Twitter is one of the many social media companies that have struggled to prevent the spread of misinformation across its platform over the years.
And its most recent attempt appears to be a tiered warning naming scheme that changes depending on how wrong you are, According App researcher Jane Manchun Wong.
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So far, there are three levels of warning signs of misinformation: get the latest, stay informed and misleading.
The accuracy of a Tweet determines whether Twitter’s systems handle one of these three ratings, each of which includes a prompt to direct users to additional information.
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These pages may ostensibly link to a Twitter-coordinated page or to a vetted external source. As is the case for coronavirus misinformation on Twitter and the US presidential election.
This feature can help reduce the spread of misinformation, or at least provide important context for issues that may be too precise to fit within 280 characters.
Twitter and misinformation:
This feature raises concerns about censorship, given the way social platforms have suppressed moderate Palestinian voices in recent weeks amid the Israeli conflict.
Twitter’s algorithms have failed previously. Misnaming facts as fake news can have lasting repercussions.
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It is not clear when this feature will be launched. It is also not clear if there are consequences for users who are caught repeatedly spreading misinformation.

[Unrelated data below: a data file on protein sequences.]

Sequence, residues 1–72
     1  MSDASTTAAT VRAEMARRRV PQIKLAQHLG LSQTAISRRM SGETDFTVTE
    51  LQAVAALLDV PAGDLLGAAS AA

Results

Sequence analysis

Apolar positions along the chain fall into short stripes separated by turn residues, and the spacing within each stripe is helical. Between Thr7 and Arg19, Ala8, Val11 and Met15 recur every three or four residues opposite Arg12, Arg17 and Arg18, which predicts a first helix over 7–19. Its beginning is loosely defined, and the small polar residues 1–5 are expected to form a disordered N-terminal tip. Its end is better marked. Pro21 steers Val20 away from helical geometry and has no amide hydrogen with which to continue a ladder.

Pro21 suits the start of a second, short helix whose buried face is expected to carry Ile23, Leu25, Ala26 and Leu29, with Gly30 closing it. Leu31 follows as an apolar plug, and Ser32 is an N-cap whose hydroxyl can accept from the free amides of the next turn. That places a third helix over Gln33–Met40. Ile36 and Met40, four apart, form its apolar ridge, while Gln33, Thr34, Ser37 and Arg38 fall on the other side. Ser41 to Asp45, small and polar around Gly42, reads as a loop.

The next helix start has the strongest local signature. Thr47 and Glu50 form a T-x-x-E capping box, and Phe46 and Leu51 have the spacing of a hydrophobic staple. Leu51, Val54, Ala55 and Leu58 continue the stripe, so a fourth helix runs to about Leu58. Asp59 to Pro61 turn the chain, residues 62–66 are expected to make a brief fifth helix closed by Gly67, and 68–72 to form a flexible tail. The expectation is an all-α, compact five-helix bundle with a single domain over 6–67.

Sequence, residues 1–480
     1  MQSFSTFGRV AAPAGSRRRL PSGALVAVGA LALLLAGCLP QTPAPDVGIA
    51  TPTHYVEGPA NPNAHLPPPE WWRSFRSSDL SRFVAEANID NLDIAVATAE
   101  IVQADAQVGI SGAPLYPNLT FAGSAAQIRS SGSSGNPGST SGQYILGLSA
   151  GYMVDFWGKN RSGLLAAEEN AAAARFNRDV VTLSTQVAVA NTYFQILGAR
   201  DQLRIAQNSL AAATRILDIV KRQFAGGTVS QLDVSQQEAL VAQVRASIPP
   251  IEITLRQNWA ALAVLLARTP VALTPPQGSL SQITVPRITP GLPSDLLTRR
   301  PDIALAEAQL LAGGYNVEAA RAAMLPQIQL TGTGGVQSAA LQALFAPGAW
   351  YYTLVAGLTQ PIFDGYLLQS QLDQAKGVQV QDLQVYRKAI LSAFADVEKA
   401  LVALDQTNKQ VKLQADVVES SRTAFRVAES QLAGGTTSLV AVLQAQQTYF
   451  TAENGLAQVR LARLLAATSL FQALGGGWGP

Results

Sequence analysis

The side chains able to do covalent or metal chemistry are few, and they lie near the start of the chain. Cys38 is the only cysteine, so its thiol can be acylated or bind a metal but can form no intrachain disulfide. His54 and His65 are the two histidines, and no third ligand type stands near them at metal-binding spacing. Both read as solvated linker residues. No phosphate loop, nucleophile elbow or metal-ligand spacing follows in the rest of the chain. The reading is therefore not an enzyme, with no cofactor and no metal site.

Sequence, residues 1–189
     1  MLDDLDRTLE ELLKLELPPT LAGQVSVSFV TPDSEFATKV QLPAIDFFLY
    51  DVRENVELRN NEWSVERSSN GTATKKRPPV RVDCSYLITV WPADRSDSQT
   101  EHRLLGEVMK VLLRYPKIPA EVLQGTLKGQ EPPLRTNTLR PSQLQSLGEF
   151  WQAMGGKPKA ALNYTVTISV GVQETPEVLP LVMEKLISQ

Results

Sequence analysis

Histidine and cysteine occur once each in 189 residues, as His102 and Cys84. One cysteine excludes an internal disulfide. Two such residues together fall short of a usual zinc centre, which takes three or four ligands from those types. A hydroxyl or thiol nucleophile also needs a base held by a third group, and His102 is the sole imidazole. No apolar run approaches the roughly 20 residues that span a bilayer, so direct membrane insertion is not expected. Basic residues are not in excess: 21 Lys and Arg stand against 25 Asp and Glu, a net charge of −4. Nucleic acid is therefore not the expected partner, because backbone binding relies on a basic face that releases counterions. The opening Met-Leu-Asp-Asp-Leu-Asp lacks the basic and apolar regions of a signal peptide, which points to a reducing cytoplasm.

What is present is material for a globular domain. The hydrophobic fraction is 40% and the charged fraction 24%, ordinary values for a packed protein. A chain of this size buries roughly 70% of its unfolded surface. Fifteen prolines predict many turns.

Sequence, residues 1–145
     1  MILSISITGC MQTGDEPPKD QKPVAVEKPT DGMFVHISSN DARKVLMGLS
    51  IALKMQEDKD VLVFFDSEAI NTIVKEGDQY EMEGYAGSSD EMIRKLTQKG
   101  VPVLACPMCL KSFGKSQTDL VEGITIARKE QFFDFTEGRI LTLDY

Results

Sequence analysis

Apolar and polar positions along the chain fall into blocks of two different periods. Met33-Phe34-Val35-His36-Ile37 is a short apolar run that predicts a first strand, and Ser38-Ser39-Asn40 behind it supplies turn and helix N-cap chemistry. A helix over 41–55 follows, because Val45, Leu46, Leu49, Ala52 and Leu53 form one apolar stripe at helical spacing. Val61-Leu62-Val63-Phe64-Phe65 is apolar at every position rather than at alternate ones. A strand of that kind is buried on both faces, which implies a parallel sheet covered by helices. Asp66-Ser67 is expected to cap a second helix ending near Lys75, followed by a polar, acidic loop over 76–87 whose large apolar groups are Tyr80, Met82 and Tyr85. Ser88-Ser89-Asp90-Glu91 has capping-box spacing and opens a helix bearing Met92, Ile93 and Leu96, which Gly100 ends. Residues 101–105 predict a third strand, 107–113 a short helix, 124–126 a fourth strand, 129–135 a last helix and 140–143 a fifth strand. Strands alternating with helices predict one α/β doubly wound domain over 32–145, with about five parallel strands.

Although all this is still technically uncertain at the moment. However, the researcher has accurately predicted many developments via Twitter in recent months. Including the debut of the Tip Jar feature and the relaunch of the public verification program.
Between tackling potentially harmful misinformation about the coronavirus and curbing the spread of conspiracies around the 2020 presidential election, social media companies have launched a host of new features aimed at curbing the spread of misinformation.
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And this time last year, Twitter added a prompt to alert you if you hadn’t read an article before retweeting it.
In January, Twitter launched Birdwatch, a crowdsourcing feature that gave a small group of users across the political spectrum the tools to verify tweets.
Notes are initially only visible via a dedicated site. But Twitter said it plans to integrate it into its platform when a broad and diverse consensus is reached.
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